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access to food [see also van Schaik, 1996; van Noordwijk & van Schaik, 1987]. Thus, group size and competition are expected to have a strong affect on the reproductive success of females. In addition, the type of competition is thought to determine relationships between females [van Schaik, 1989; Wrangham, 1980]. Contest competition is expected when it is economical to defend resource patches against group members. The economics of resource defense depend on a number of factors: 1) the size and shape of the patch, 2) the value of the patch relative to alternative patches, and 3) the asymmetry in resource holding power (RHP) between the contestants. The latter factor can in turn be influenced by the formation of coalitions. Thus, we predict contest competition when some individuals can systematically exclude others from limited resources, such as fruit, mushrooms, and termites. When the distribution of important elements in the diet is such that contest competition regularly occurs, animals will frequently find themselves faced with the possibility of an escalation of conflicts. This in turn selects for behavior that results in the resolution of conflicts without the costs of overt aggression. The solution often realized in primate groups is priority-of-access based on dominance. Each pair of animals has an established dominance relationship that determines which individual has priority-of-access in each competitive situation. However, other solutions are, in principle, possible—such as the resolution of conflicts on the basis of arbitrary asymmetries [see Pusey & Packer, 1997]. The formation of dominance relationships has a number of repercussions for the social life of females. The most important is that females may try to overcome an unfavorable asymmetry in fighting ability by the formation of alliances. This will only occur if there is a fitness gain from alliance formation for both allies. Important factors are: additional resources gained, sharing of these resources, and time and energy spent on the maintenance of the relationship with the partner. The outcome of the equation is more likely to be positive for closely related partners than for distantly related or unrelated partners [Hamilton, 1964; Dunbar, 1988]. Consequently, if alliance formation is important for females, the females should prefer to remain with their kin, and thus should try to remain in their natal groups. In these groups the cooperative relationships between female kin are characterized by frequent grooming and proximity [van Hooff & van Schaik, 1992]. In vervets (Cercopithecus aethiops), baboons (Papio spp.), and many macaques (Macaca spp.), kin alliances lead to the formation of nepotistic hierarchies in which close kin rank together [see Wrangham, 1980; van Schaik, 1989]. In addition to an indirect causal link from resource distribution to alliance formation, mediated by way of dominance relationships, one can also expect a direct causal effect from patch characteristics to coalition formation: coalitions are most likely formed when the alliance will be able to gain access to a patch that can be easily shared and can feed all allies. In a system where dominant females can restrict subordinate females’ access to food resources, acquisition of food should be positively correlated with dominance rank. As a consequence of uneven food acquisition, the reproductive success of higher-ranking females is higher than the reproductive success of lower-ranking females in several species (Macaca fuscata [Saito, 1996; Mori, 1979], Macaca fascicularis [van Noordwijk & van Schaik, 1987], Pan troglodytes schweinfurthii [Pusey et al, 1997], Theropithecus gelada [Dunbar, 1980], and Papio cynocephalus ursinus [Busse, 1982]. Other studies, however, have reported no relationship at all (e.g, Cercopithecus aethiops [Cheney et al, 1981]). The mode of competition is expected to be rather different when economically defensible patches play no crucial role in a species’ diet [van Hooff & van Schaik, 1992; van Schaik, 1989; Sterck et al., 1997]. Scramble competition is likely to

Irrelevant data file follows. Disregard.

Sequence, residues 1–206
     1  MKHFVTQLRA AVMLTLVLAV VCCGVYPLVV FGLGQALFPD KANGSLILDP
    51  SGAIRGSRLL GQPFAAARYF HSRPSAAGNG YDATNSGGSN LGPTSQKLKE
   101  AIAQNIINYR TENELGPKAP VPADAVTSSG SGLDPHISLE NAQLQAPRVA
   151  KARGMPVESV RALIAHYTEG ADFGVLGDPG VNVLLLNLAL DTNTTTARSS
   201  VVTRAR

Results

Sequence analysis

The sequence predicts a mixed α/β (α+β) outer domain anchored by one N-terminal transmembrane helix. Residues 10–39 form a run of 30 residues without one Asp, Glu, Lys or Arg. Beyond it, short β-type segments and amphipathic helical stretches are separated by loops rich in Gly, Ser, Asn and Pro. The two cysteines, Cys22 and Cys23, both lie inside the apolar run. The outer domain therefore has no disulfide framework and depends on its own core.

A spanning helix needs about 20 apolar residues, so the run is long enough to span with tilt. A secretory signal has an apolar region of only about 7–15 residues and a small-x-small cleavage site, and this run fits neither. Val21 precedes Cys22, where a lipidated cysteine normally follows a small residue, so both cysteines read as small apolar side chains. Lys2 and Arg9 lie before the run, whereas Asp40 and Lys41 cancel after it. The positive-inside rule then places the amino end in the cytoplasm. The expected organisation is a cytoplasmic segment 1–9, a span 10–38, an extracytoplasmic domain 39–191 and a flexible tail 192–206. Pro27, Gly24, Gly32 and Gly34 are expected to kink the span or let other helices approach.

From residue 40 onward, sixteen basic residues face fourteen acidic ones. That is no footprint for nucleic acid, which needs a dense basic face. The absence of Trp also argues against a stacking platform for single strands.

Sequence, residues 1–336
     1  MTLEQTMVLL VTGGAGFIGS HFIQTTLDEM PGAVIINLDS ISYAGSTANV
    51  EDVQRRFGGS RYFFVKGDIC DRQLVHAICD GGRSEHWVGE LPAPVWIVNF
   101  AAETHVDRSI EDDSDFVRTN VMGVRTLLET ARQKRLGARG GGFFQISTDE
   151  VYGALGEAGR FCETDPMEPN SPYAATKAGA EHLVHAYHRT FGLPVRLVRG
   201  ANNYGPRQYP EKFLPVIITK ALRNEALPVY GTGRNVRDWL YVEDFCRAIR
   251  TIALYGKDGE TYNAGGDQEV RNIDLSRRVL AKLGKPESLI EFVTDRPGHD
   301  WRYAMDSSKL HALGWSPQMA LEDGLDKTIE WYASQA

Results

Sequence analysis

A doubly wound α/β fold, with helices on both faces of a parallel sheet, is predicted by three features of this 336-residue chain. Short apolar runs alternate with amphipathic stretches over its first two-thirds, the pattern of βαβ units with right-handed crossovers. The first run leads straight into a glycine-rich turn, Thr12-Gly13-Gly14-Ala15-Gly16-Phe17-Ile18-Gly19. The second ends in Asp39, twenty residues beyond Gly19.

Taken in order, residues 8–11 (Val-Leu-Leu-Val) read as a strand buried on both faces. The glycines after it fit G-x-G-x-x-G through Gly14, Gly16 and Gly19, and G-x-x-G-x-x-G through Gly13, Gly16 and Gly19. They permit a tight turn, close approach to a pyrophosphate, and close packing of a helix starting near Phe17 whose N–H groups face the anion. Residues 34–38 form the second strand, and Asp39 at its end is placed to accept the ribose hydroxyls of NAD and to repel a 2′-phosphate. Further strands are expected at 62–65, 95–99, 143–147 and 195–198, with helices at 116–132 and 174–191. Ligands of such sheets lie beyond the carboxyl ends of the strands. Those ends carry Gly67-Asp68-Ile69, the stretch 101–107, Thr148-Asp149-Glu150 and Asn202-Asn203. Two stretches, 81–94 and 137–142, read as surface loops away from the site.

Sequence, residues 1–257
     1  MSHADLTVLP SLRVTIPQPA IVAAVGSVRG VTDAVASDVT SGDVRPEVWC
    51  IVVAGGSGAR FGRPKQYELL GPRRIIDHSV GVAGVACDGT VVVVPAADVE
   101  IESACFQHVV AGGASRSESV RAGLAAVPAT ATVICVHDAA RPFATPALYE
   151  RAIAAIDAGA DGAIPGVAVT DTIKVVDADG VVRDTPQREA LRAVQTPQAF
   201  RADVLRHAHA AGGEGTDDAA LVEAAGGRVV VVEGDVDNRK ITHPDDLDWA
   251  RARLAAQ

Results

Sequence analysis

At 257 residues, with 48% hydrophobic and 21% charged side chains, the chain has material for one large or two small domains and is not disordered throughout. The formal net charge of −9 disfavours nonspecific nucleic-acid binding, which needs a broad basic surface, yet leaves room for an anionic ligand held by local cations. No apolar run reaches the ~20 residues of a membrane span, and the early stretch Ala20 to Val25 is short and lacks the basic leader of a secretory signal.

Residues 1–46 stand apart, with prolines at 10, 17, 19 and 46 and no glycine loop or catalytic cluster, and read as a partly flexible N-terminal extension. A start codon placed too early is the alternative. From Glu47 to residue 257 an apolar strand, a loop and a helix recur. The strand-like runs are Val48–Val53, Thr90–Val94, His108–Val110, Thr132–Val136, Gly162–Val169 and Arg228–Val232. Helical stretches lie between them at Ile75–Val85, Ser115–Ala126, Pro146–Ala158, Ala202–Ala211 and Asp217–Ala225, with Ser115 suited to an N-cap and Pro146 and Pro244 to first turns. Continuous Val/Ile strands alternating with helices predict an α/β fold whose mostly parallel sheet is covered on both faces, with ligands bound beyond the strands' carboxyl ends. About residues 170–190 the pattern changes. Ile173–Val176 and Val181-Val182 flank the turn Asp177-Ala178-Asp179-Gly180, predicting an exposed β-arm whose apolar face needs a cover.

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prevail when patches are very large and can feed multiple individuals simultaneously, or are very small and spread out. Thus, primates that forage on foliage or cryptic insects are expected to experience mainly scramble competition. Scramble competition does not lead to direct conflict, and thus will not lead to selection for conflict resolution mechanisms, such as consistent subordinate behavior towards certain individuals. Coalitions bring no advantage in scramble competition, and thus the suite of related phenomena listed above is not expected. In other words, where scramble competition over resources prevails, we don’t expect pronounced dominance relationships, unless conflicts regularly arise in other contexts. To date, the social system of the sooty mangabey (Cercocebus torquatus atys) has been studied only in captivity [Bernstein, 1971; Ehardt, 1988a, b; Gust & Gordon, 1991, 1994; Gust, 1995; Stahl, 1998]. These authors found no particular bonds between related females [Ehardt, 1988a], and no signs of nepotism, such as support for kin or kin occupying adjacent ranks in the hierarchy [Gust & Gordon, 1994]. Bernstein  found a stable dominance rank order over several years. Gust & Gordon  noted that the relative ranks of 11 females remained stable over a period of 12 years. Furthermore, Gust and Gordon  observed severe aggression when two females challenged the alpha female in a newly formed group. Both authors, however, indicated that juvenile animals of both sexes move up the hierarchy at the approximate age of 3 years with little or no resistance from higherranking animals. Since the social organization of sooty mangabeys in captivity, while stable, is not matrilineal, inherited rank cannot be the explanation for the ease with which juveniles increase their rank in the dominance hierarchy. If the social system described for captive sooty mangabeys is the same as for sooty mangabeys in their natural environment, it would be inconsistent with the theoretical framework outlined above and differ from the social systems of other primate species. The crucial links among social organization, resource distribution, and migration cannot be elucidated well in captivity. We therefore started observations on a semihabituated group of sooty mangabeys in the Taï National Park in 1997. The species spends approximately 80% of daytime on the ground and lives in large multimale/multifemale groups (Bergmüller et al., unpublished results). Little is known about natural migration patterns. In this study we address the following issues: First, can sooty mangabey females be ranked in a linear dominance hierarchy? Second, does rank correlate with foraging success? Furthermore, we examine the structure of social relationships among adult female sooty mangabeys by analyzing association patterns, grooming relationships, and coalition formation. METHODS Study Site and Subjects The sooty mangabey is found in the high forest throughout West Africa. This study was conducted in the Taï National Park in southwestern Ivory Coast (6°20′N to 5°10′N and 4°20′W to 6°50°W). The park is the last remaining major block of primary forest in West Africa and covers approximately 454,000 ha. With a mean annual temperature of 24°C, a mean annual rainfall of 1,875 mm (average of 1991–1999; data: Taï Monkey Project), and a distinct dry season in December– January, the forest can be classified as “tropical moist forest” according to Whitmore . The study area of about 7 km2 is situated near the western border of the park, approximately 20 km southeast of the town of Taï.